Episcopal worship is at the heart of our life together, and Episcopal worship is rich in symbolism and tradition. At the same time, it is a contemporary expression of our belief and faith in a Living God who is present and accessible in material and ordinary things.

Why worship?

The Church is first and foremost a worshipping community. Although we can worship God privately, Christian worship is something that we do together, and gathering for corporate worship is at the heart of Christian life. In and through it, we unite ourselves with others to praise God, hear God’s Word, offer prayer, and celebrate the sacraments.

The worship service

The worship service is called the liturgy, which, from the Greek, means the “work of the people.” It is the shared activity of the entire congregation, and not just the ordained ministers. Everyone present is an important participant. The most common name for the liturgy is the Holy Eucharist, which, from the Greek, means “thanksgiving.” It may also be called “Holy Communion,” “The Lord’s Supper” or “the Mass.” Episcopal worship has its roots in the ancient Church which, in turn, based its liturgy on ancient Jewish worship customs. Following Jesus’ command to “do this in remembrance of me,” the first Christians gathered for prayer, scripture study, offering of their gifts, and a shared meal. These elements continue to form the foundation of our Sunday worship.

The Book of Common Prayer

The Episcopal Church is distinctive from other Christian traditions in that it finds its identity in what its members do together (prayer and worship) rather than in its doctrine. We are united with others throughout the country and the world through our common worship and liturgy. Worship in the Episcopal Church is prescribed by the Book of Common Prayer. Not only does the Book of Common Prayer determine our public worship, it is also the source and statement of much of our belief. This is because the way we talk to God determines how we talk about God. In other words, what we pray expresses what we believe. The Prayer Book provides structure and commonality of prayer while allowing flexibility for adaptation to customs, style, needs, and expression of a particular community.

Parts of the worship service

Episcopal worship involves both Word and Sacrament, and can be divided into two main parts: the Liturgy of the Word and the Liturgy of the Table.

The Liturgy of the Word

The first part of the worship service focuses on the Word of God. In it, we hear readings from the Bible (also called “the scriptures”), including the Old and New Testaments. The readings follow a three-year cycle. (The Episcopal Church, along with many denominations, follows the Revised Common Lectionary.) The sermon helps us to understand the scriptures and to apply them to our own life and time. This part of the liturgy also includes the Prayers of the People. At St. Timothy’s, these prayers are usually written by a member of the congregation so that they reflect current world events, as well as the life and concerns of this community.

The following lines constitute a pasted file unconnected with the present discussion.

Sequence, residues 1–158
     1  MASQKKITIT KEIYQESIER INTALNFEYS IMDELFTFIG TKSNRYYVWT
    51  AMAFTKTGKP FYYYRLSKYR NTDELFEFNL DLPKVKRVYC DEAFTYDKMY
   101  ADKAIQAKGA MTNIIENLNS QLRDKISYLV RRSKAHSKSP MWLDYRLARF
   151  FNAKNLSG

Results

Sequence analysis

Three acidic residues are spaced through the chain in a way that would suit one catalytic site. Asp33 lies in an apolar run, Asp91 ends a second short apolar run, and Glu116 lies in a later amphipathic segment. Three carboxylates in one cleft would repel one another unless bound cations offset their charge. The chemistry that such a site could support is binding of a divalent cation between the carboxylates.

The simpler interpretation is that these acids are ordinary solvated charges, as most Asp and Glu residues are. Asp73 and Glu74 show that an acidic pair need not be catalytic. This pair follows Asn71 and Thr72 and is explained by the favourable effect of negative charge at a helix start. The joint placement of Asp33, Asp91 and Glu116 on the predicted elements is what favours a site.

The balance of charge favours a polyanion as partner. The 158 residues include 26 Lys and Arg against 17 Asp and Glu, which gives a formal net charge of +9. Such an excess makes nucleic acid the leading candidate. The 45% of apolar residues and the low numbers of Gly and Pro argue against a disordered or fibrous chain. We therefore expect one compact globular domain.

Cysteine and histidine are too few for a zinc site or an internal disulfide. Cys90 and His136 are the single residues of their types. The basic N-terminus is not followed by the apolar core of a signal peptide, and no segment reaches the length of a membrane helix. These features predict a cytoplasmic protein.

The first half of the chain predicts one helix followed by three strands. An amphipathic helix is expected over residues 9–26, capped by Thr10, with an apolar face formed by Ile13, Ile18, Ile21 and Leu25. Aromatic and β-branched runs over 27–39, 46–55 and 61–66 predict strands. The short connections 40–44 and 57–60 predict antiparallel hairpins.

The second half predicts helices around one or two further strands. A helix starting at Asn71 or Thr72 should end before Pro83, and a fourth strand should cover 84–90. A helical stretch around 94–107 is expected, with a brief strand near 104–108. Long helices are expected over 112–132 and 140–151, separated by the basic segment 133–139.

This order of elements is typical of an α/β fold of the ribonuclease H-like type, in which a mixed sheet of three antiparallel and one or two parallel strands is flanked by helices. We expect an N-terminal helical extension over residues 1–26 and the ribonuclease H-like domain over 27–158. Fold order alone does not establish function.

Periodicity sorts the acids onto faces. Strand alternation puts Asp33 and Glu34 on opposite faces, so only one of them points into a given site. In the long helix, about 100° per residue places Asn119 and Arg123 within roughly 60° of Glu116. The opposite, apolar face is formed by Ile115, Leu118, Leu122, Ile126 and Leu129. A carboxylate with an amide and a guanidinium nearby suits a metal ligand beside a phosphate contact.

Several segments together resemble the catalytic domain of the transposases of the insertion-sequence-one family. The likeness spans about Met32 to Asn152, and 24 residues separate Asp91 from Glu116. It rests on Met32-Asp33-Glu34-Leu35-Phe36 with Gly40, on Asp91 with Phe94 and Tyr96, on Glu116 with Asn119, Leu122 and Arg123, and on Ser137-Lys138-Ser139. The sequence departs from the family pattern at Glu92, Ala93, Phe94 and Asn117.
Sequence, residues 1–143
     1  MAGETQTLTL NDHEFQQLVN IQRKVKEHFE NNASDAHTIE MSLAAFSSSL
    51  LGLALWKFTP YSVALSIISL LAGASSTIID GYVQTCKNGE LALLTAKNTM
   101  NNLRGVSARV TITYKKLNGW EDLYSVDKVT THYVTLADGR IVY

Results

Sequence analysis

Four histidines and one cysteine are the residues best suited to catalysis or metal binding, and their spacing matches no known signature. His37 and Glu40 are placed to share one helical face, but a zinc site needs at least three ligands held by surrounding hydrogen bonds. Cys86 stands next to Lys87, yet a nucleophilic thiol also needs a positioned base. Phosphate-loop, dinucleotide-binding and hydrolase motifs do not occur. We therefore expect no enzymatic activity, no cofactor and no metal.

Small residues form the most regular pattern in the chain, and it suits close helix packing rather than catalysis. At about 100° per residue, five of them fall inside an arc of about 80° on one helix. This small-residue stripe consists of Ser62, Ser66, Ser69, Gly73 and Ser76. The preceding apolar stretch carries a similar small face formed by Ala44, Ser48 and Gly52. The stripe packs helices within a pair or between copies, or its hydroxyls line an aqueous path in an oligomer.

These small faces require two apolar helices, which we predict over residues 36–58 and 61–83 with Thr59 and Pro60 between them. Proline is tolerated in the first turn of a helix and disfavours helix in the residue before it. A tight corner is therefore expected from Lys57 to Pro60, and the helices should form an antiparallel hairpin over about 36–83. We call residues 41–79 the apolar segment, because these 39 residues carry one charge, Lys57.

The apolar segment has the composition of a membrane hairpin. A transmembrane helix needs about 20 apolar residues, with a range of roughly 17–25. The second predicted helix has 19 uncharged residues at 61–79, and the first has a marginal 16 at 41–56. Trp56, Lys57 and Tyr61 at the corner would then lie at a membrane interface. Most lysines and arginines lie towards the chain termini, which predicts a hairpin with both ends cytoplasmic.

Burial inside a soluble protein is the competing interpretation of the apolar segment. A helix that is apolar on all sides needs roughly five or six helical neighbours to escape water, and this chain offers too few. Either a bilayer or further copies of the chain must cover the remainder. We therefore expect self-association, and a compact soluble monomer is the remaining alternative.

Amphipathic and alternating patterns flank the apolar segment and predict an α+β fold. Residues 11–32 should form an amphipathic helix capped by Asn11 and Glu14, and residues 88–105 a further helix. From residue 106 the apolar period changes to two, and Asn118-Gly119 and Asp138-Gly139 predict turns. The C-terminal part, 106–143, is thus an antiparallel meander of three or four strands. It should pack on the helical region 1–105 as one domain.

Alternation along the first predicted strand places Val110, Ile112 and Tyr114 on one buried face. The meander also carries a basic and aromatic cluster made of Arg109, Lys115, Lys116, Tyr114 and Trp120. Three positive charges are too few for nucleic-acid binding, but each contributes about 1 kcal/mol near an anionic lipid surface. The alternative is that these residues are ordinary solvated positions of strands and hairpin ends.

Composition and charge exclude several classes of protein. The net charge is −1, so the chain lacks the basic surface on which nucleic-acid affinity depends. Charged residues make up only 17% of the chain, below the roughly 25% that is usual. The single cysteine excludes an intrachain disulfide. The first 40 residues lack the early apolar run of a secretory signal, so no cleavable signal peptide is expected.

The Liturgy of the Table

The Holy Eucharist, or Holy Communion, is at the heart of Episcopal worship. We believe that God works in our lives through ordinary, material things. Sacraments, then, are the outward signs of God’s grace. In the Eucharist, these signs are bread and wine. At Jesus’ last meal with his disciples, he took bread, blessed, broke and gave it to them and said “This is my body … this is my blood.” He also instructed them to “do this in remembrance of me.” When we celebrate Holy Communion, we are sharing a meal. We thank God for the ways that God has acted in history, we offer bread, wine, and ourselves to God to be transformed into the Body of Christ, and, in receiving the bread and wine, we receive God’s grace to be transformed. We believe that, by God’s action, and in a mystery beyond our knowing, Jesus is present in the gifts of bread and wine and we are present with Jesus. After we have been fed with the body and blood of Christ, we are sent out into the world to do God’s work and to be the body of Christ in the world. Our worship continues through our words and actions in our daily life.

Children in worship

Children are a very important part of the Saint Timothy’s parish family, and they are welcome at all worship services. We believe that children participating alongside adults in worship are nurtured in the deepening of their faith journey, so that it will continue to grow in richness and depth into adulthood. Most importantly, we want children to know that they are loved, accepted, and valued at St. Timothy’s in worship and in all aspects of community life. Formal worship can provide an excellent opportunity for parents to be involved in the spiritual nurture of their children. So we ask parents to talk with their children about the service, explain what is happening, and help them catch the enthusiasm and happiness about being in church. We suggest that parents sit at the front of the church so that children can see what is happening. We also provide children’s books, pew bags with activities, and scribble sheets at the back of the church next to the sound board.